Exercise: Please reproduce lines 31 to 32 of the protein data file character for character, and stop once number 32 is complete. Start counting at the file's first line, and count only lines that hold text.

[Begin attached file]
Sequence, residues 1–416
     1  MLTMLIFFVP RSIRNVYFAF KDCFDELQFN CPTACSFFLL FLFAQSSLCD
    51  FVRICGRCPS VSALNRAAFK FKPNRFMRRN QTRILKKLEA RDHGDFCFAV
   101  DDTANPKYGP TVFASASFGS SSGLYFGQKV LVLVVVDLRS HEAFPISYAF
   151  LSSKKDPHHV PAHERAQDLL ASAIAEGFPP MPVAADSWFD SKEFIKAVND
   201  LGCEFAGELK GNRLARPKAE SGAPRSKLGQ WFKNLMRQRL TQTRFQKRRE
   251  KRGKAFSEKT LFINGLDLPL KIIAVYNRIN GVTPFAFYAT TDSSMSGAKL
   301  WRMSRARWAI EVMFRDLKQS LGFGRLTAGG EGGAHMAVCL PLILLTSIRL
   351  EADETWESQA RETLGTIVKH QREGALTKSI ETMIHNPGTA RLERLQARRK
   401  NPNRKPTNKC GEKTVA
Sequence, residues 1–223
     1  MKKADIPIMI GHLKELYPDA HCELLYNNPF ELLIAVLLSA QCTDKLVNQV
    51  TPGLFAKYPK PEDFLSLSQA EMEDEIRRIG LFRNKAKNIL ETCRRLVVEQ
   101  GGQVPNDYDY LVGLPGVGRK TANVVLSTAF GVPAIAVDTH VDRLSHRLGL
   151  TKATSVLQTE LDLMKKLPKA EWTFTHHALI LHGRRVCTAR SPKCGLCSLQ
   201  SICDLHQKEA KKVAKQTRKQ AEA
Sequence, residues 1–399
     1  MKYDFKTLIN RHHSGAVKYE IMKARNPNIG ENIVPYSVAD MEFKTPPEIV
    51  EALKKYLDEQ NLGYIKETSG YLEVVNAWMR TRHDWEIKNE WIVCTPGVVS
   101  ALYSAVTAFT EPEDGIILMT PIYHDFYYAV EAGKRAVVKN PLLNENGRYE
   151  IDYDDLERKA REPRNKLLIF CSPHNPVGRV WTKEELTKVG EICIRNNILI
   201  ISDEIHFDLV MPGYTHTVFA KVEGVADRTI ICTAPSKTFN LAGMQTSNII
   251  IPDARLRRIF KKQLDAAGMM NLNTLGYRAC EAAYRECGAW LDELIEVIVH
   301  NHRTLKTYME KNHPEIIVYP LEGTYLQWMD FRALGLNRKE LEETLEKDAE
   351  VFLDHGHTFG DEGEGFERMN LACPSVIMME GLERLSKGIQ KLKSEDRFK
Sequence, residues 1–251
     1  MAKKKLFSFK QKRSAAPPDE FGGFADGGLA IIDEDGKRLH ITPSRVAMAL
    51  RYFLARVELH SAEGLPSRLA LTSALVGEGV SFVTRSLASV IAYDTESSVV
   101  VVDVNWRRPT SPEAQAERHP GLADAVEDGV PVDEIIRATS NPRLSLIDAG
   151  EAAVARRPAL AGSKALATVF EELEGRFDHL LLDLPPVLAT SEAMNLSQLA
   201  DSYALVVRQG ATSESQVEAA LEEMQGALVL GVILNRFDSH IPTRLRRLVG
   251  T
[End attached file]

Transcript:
   201  DSYALVVRQG ATSESQVEAA LEEMQGALVL GVILNRFDSH IPTRLRRLVG
   251  T